Lost and Found: Adèle & Simon in China

Book review by
Jan Carr, Common Sense Media
Lost and Found: Adèle & Simon in China Book Poster Image
Lots of fun in exquisitely illustrated China travelogue.

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The parents' guide to what's in this book.

Educational Value

Lots of information about early 20th century China, with extended notes about each of the sites the kids visit. Sites include Great Wall, silkworm farm, Forbidden City, bamboo forest. Map of China with route marked and legend of places visited. Elements of Chinese culture such as abacus, ink painting, monks. Chinese characters in signage. Modeling of writing postcards home. Search-and-find feature for visual discrimination.

Positive Messages

It's fun to travel to foreign lands, meet their people, and experience their cultures. Cultures that are different from ours are interesting. Writing postcards and letters is fun. Photography is a good way to document and re-experience travel.

Positive Role Models & Representations

The kids are both curious about and open to another culture and game to experience it. They like to learn things. Adèle is a loving older sister, patient when her younger brother loses things. Adèle writes frequent postcards home to mom, modeling letter writing. Adèle learns photography.

Violence & Scariness

What parents need to know

Parents need to know that Lost and Found: Adèle & Simon in China by Barbara McClintock (Adèle & Simon) brings back the same two kids featured in two previous books, one set in early 20th century Paris and the other in America. In this one, the kids travel to China, and the younger brother continues to lose his belongings, providing humor as well as an opportunity to search the very detailed art for all the items left behind. Jam-packed with information about China that's elaborated in an afterword, the story's told as postcards written by Adèle to her mom. So it has a fun, newsy, conversational feel. Featuring cultural information, history, a search-and-find game, and exquisitely detailed art, this book's a welcome addition to any child's collection, and will beg for rereading.

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What's the story?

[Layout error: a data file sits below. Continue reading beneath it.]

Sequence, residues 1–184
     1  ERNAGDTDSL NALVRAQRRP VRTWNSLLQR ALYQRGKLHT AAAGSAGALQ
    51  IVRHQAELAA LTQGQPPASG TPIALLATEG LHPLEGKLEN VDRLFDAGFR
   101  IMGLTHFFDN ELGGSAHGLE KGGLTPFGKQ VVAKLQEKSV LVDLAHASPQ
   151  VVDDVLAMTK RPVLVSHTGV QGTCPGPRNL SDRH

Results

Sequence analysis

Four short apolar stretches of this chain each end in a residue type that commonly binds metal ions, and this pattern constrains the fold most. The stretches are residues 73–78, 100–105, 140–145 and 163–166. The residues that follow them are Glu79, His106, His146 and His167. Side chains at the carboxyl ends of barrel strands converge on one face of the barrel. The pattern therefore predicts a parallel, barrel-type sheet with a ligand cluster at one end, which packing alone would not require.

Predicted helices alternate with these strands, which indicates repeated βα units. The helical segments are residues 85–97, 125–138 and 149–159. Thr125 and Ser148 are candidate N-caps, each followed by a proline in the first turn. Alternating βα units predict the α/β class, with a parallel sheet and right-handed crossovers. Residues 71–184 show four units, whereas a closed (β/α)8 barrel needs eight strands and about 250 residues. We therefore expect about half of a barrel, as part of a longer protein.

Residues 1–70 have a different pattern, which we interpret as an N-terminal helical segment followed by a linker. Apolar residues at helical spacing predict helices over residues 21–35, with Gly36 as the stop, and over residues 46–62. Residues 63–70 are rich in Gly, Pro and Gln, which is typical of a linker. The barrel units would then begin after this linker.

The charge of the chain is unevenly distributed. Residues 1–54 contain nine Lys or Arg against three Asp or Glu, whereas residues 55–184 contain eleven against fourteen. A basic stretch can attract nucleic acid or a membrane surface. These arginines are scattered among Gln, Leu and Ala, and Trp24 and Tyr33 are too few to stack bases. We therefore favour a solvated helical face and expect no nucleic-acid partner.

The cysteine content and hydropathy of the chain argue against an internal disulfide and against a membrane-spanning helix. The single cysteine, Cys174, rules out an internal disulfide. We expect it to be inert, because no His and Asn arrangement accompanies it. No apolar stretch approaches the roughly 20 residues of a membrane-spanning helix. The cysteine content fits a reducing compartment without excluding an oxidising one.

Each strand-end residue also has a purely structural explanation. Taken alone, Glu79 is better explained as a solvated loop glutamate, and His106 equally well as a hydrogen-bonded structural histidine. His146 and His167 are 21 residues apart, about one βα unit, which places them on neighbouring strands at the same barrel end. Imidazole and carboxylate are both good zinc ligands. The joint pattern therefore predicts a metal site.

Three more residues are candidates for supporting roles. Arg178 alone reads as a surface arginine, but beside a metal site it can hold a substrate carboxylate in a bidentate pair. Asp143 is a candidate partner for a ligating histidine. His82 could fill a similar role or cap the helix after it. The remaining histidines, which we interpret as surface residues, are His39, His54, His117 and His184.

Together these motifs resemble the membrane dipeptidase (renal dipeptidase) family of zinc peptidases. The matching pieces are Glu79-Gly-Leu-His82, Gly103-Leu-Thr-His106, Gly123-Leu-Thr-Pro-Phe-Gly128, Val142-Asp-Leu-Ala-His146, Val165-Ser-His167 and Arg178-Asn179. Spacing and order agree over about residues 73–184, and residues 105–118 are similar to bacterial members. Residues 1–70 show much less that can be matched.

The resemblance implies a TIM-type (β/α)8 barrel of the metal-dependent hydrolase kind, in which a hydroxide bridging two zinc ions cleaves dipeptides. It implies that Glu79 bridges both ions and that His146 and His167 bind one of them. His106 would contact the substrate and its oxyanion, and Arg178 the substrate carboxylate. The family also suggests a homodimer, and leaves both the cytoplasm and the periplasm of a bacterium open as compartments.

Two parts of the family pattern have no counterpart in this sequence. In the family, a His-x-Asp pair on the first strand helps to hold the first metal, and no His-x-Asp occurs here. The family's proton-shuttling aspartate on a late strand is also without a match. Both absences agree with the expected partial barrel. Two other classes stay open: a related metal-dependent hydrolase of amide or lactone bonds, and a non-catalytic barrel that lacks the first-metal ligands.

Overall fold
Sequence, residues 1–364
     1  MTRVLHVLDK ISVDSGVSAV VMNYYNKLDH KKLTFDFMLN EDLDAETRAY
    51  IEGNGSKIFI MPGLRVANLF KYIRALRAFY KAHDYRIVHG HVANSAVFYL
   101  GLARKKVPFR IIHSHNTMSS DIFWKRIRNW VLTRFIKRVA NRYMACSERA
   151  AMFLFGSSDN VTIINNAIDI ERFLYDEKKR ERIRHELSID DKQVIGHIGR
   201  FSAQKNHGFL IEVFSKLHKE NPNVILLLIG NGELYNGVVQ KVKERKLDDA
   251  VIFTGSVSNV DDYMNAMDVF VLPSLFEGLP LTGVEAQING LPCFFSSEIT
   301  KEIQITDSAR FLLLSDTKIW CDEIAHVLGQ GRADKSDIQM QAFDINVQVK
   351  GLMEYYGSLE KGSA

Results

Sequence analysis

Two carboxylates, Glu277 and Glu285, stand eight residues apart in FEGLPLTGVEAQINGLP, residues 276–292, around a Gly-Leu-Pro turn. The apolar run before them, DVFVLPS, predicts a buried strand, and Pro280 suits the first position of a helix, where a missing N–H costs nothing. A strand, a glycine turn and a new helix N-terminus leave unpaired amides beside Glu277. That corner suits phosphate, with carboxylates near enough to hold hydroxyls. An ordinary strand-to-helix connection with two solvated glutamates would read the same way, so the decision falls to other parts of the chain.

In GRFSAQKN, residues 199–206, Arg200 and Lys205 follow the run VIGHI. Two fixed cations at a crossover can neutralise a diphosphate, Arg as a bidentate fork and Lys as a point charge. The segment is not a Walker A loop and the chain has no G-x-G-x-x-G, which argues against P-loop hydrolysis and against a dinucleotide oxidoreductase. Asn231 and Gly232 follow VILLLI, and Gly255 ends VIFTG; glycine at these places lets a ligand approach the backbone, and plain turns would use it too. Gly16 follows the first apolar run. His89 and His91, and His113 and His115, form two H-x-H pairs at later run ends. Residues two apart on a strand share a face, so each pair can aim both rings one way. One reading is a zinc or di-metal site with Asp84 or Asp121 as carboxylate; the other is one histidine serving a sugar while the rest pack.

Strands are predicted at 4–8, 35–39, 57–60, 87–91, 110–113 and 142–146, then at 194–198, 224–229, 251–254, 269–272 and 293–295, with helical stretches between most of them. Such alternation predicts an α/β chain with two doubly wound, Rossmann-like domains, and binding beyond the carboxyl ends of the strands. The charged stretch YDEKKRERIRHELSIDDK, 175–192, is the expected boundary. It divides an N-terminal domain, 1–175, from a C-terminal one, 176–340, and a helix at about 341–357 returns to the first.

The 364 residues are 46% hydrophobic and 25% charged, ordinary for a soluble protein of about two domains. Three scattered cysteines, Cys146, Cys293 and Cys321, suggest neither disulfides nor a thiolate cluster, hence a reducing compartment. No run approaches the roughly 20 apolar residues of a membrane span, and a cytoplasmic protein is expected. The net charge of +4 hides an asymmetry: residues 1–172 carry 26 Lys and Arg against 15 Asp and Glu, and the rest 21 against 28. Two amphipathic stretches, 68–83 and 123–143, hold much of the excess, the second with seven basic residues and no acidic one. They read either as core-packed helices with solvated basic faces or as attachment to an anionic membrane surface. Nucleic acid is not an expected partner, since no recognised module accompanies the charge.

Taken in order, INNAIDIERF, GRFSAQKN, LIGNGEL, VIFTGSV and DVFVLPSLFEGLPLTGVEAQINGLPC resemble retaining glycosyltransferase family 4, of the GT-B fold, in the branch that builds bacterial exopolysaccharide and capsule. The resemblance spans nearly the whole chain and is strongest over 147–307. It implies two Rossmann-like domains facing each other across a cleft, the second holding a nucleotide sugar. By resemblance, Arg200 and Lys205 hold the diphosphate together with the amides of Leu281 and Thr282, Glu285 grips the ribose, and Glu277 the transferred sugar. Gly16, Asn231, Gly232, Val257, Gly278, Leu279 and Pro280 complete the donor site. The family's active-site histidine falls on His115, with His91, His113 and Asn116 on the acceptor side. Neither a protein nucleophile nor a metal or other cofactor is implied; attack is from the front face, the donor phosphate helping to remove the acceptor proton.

In LOST AND FOUND: ADELE & SIMON IN CHINA, Parisian kids Adèle and Simon travel by steamer to visit their Uncle Sidney who tours them all over China. In a busy Hong Kong market, the uncle buys Simon a host of things he'll need for the trip, and at each subsequent stop, Simon loses one. The uncle also buys Adèle an early camera, and she documents their trip both by taking photographs and by writing postcards to their mom. The kids' travels take them to a silk farm, the Forbidden City in Peking, the Great Wall, the desert, a monastery, and a bamboo forest. At the end of the book when Adèle develops her photos, readers discover where Simon dropped his belongings and can go back and search the art to find them.

Is it any good?

This charming book with a classic, old-fashioned feel has lovingly detailed art, lots of information about early 20th century China, and a fun search-and-find game. Lost and Found: Adèle & Simon in China is expertly packed. Info about another culture and era? Check. Rich beautiful art that makes you pause to search each page? Check. And all these elements are delivered in a fun, engaging story.

Barbara McClintock's a masterful author-illustrator, and this book surpasses even the earlier ones in this series, though they garnered lots of attention. Here, she isolates the lost items both at the beginning and end of the story so readers are very clear what to look for. And Adèle's cards home make the telling even more fun. The scenic spreads are meticulously researched, and we know we're in good hands from the opening art in which a smoky dragon blows out of the arriving boat's smokestacks. This captivating book's a true gem.

Talk to your kids about ...

  • Families can talk about the things Simon lost in Lost and Found: Adèle & Simon in China. Could you spot them in the pictures when you first read the book? Did it help to study the "photographs" at the end?

  • Have you read the previous two books about Adèle and Simon? Are those told differently? Why do you think the author decided to tell this one using postcards from Adèle to her mom?

  • How can you tell that this story takes place about 100 years ago? What details in the story or art let you know?

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